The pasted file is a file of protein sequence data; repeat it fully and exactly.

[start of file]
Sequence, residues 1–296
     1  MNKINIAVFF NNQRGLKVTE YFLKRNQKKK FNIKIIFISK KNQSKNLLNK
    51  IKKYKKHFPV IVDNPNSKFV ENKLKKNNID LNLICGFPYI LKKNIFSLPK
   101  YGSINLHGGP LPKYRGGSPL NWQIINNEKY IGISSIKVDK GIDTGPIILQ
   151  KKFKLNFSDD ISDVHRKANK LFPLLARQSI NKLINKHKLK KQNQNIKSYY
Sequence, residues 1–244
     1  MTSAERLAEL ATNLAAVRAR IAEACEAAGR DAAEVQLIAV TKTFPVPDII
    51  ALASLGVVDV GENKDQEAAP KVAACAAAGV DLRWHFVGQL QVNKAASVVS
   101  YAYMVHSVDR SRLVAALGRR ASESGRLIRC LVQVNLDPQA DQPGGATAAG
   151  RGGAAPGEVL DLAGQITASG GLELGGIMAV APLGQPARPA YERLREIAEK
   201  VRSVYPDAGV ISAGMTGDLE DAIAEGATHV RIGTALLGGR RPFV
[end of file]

Sequence, residues 1–296
     1  MNKINIAVFF NNQRGLKVTE YFLKRNQKKK FNIKIIFISK KNQSKNLLNK
    51  IKKYKKHFPV IVDNPNSKFV ENKLKKNNID LNLICGFPYI LKKNIFSLPK
   101  YGSINLHGGP LPKYRGGSPL NWQIINNEKY IGISSIKVDK GIDTGPIILQ
   151  KKFKLNFSDD ISDVHRKANK LFPLLARQSI NKLINKHKLK KQNQNIKSYY
Sequence, residues 1–244
     1  MTSAERLAEL ATNLAAVRAR IAEACEAAGR DAAEVQLIAV TKTFPVPDII
    51  ALASLGVVDV GENKDQEAAP KVAACAAAGV DLRWHFVGQL QVNKAASVVS
   101  YAYMVHSVDR SRLVAALGRR ASESGRLIRC LVQVNLDPQA DQPGGATAAG
   151  RGGAAPGEVL DLAGQITASG GLELGGIMAV APLGQPARPA YERLREIAEK
   201  VRSVYPDAGV ISAGMTGDLE DAIAEGATHV RIGTALLGGR RPFV